How to Grow Cucumbers, No Green Thumb Required

A garden pro shares their best advice.

There's no garden staple that's more versatile than the humble cucumber. It tastes great with a scoop of hummus, chopped into a salad, or pickled. The best news is that figuring out how to grow cucumbers is pretty easy, too. For all of you cucumber enthusiasts, here are some helpful tips and hints on how to grow cucumbers from Kelly Smith Trimble, gardening expert and author of Vegetable Gardening Wisdom.

Start With the Right Soil

Like any gardening project, make sure your soil is rich with nutrients before you start planting. Mix in an inch or two of organic compost to the top of the soil at the beginning of the season to get it primed for the seeds.

Direct Sow Those 'Cucs

You could buy seedlings, but why bother? "Honestly, buying cucumber seedlings always seems like a waste of money to me," says Trimble. "Direct sow them instead. Cucumbers are related to squash, pumpkins, and melons—all grow well from seed." To plant, create a 6- to 8-inch mound of soil and put three seeds in a triangle shape. Cucumbers have a great germination rate. Just know that the plants can get quite large, so space them out according to the seed packet instructions. There are some fun varieties, too: try Space Master (which is a small plant) or an heirloom variety like lemon cucumbers.

Sunlight and Water

Cucumbers like warm temperatures and direct sunlight. Water your cucumbers so that they're getting about 1 to 2 inches of water a week. If you're not sure, stick your finger into the soil about an inch to see if it's dry below the surface. Water early in the morning for maximum absorption. Trimble also mentioned that if cucumbers get a ton of water, they'll balloon in size and taste watery, so be careful with how much water they get once they're in the fruiting stage.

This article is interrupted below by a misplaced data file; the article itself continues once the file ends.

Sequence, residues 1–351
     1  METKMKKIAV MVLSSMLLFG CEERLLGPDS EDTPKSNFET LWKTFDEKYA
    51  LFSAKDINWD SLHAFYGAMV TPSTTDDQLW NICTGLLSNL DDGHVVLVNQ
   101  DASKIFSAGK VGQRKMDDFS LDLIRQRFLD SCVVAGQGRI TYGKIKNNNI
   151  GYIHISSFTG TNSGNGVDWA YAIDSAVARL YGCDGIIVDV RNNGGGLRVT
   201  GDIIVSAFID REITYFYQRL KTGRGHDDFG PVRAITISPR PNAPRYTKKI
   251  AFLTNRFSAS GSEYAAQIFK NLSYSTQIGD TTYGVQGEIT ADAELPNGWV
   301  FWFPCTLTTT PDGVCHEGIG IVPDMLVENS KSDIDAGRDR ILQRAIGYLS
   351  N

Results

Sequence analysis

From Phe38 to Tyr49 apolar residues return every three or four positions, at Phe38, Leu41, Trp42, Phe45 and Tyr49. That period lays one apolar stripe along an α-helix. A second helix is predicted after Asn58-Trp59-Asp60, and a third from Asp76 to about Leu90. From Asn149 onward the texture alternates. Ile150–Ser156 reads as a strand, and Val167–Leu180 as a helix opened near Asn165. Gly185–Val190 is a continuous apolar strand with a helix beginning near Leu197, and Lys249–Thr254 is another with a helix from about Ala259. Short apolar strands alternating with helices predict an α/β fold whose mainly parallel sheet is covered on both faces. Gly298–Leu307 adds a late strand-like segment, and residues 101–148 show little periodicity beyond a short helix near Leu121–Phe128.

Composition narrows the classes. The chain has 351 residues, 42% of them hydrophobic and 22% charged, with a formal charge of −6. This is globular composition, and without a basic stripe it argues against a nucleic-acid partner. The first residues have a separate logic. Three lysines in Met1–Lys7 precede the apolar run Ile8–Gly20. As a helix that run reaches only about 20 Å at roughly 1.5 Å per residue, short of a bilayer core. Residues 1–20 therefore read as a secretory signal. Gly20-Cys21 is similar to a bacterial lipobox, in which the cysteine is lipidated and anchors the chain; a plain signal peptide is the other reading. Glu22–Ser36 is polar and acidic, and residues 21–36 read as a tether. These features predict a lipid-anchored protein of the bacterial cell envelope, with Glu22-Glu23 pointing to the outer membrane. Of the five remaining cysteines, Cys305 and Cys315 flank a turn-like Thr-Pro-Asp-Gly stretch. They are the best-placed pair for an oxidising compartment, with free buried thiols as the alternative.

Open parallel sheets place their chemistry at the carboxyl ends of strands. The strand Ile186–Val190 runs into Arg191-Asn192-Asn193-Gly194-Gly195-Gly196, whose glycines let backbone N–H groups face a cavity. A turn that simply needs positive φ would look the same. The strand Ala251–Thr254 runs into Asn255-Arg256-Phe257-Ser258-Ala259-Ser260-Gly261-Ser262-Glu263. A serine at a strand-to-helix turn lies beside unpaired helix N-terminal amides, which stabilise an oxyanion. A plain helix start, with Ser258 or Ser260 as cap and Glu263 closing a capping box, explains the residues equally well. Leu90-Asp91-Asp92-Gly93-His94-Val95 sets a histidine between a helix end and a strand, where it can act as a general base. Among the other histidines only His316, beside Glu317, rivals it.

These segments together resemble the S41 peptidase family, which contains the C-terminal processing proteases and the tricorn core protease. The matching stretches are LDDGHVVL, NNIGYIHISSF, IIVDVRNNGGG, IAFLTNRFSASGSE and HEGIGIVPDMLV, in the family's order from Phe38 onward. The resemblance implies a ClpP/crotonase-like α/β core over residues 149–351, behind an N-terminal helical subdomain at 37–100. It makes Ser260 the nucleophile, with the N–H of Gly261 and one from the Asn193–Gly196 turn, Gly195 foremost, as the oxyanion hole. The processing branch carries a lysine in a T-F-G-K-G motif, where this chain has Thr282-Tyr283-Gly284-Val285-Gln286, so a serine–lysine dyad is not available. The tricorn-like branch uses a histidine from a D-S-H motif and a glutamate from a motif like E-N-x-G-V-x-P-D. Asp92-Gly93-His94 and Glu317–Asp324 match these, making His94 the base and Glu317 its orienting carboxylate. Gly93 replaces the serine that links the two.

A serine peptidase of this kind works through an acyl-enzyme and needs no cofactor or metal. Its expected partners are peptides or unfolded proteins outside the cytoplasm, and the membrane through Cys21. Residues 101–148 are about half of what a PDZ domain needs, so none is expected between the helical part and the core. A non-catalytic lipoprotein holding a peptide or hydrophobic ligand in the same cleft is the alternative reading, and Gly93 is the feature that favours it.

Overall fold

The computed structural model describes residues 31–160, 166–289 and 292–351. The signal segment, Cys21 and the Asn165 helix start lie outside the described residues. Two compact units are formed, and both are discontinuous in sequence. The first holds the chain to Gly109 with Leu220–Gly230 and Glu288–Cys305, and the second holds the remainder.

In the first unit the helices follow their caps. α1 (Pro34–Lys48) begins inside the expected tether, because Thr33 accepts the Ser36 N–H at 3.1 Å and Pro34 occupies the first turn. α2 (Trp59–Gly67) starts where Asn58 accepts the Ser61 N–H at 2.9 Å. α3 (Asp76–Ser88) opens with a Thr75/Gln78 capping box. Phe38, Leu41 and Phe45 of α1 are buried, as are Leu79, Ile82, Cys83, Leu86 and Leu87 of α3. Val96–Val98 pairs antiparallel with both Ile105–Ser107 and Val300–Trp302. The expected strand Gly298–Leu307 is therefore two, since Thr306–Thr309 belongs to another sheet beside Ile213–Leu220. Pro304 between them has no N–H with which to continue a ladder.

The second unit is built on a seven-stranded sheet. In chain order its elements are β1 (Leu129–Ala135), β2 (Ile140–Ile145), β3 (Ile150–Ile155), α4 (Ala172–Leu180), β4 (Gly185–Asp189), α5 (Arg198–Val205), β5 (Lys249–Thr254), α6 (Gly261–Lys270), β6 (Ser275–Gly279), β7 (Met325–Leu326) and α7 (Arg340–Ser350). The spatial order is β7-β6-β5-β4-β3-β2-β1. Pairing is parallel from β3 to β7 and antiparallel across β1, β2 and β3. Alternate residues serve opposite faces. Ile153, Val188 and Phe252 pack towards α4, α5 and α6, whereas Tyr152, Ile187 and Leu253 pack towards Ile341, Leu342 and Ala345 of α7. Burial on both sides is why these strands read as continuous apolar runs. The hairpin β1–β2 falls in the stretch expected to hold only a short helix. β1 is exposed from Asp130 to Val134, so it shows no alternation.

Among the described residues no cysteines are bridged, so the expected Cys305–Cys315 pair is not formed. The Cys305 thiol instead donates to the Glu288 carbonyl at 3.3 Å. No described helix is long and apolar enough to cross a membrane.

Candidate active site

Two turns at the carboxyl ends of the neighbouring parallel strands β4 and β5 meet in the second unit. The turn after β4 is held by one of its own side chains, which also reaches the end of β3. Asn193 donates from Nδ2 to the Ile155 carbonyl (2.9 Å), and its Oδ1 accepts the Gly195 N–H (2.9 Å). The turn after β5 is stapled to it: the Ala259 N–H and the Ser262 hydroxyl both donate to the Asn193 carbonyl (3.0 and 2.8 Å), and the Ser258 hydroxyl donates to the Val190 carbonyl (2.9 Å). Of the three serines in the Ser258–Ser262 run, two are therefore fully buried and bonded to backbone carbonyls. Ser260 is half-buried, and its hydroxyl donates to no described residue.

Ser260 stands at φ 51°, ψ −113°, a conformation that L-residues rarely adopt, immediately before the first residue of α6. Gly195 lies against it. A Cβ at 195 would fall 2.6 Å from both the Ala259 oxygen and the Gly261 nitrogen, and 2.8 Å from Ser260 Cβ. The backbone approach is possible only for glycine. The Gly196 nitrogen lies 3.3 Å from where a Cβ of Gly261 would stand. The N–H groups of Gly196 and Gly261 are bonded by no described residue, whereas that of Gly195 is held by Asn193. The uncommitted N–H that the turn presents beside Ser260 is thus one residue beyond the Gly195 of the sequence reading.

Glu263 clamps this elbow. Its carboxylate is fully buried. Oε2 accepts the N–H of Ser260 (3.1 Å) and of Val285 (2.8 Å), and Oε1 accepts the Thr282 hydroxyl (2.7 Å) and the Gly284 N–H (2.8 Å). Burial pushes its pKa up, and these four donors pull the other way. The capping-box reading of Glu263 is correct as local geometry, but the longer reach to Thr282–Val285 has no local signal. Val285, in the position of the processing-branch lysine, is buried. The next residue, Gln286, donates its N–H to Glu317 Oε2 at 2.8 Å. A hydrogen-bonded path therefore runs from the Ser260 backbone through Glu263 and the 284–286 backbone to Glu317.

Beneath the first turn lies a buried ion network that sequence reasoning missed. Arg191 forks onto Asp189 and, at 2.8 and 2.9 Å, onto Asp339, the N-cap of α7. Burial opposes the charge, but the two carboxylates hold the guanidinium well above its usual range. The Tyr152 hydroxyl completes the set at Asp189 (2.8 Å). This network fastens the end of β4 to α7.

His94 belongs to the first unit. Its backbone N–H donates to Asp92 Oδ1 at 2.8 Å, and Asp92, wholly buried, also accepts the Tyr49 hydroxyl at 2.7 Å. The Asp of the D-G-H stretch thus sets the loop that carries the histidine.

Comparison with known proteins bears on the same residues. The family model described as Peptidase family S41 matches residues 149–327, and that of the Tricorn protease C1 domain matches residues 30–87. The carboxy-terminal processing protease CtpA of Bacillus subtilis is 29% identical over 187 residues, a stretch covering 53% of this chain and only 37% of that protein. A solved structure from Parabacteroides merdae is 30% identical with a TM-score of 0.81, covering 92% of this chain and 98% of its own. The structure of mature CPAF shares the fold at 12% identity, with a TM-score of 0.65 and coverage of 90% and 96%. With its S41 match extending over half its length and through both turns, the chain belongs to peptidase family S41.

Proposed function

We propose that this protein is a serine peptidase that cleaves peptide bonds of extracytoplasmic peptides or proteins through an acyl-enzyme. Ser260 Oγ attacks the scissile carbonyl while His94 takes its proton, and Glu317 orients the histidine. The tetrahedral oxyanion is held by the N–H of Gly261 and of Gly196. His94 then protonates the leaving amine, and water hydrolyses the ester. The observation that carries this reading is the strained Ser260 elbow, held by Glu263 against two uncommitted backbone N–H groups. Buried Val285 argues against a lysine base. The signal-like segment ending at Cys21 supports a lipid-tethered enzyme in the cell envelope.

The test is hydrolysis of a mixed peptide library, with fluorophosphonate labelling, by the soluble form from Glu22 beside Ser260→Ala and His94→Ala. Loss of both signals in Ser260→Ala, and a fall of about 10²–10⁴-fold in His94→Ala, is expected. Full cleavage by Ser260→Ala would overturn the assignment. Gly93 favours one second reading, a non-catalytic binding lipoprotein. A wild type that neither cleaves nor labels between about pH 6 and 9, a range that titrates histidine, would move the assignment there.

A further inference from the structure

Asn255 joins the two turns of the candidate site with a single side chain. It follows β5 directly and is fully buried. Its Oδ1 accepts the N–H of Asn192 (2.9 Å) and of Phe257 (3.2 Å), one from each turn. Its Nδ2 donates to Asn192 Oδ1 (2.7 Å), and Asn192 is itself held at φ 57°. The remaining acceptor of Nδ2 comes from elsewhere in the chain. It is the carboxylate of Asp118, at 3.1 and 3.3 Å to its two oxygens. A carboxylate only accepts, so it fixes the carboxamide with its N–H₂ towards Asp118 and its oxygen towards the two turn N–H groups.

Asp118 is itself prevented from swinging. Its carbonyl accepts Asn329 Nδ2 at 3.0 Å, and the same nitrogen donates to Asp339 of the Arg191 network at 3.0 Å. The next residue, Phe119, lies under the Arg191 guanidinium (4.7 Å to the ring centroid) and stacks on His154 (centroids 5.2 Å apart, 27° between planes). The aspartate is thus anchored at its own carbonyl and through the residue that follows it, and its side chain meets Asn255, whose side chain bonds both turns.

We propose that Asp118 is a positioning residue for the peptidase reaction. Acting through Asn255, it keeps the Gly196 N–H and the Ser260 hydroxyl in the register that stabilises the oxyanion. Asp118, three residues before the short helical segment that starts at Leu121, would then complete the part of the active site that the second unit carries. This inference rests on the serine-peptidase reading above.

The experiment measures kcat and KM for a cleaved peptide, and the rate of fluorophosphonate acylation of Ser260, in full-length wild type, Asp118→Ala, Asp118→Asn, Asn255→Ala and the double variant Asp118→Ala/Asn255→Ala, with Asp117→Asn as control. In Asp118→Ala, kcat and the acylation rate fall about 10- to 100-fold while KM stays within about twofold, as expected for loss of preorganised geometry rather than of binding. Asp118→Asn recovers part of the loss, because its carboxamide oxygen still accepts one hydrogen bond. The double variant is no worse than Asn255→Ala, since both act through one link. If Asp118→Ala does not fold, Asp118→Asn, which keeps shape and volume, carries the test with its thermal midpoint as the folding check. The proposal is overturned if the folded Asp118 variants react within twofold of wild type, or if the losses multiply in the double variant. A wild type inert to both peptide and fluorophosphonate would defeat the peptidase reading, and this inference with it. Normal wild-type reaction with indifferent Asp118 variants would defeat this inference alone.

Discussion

Do You Need to Trellis?

Cucumber plants are vines, so they'll climb over anything and everything near them. Trimble says that while trellising is helpful, it's not necessary. "They do make tent trellises, where the plant grows over this V-shaped tent," she says. "The fruit hangs down and makes it easier to find and harvest. Plus, it keeps the fruit off the ground."

Prevent Yellow Cucumbers

They're pretty low drama, but when learning how to grow cucumbers, it's important to understand the common problems you may run into, including yellow cucumbers. If you see that your cucumbers are yellowing instead of getting green, Trimble says it's related to incomplete pollination. If you see this happening, you can help it along by using a soft bristle paintbrush to move pollen between the flowers, or you can companion plant veggies, flowers, and herbs nearby that attract pollinators.

A cucumber may also turn yellow if it's overripe and left on the vine too long. To avoid this, check the plant frequently and harvest the cucumbers once they feel firm and have a medium to dark green color.

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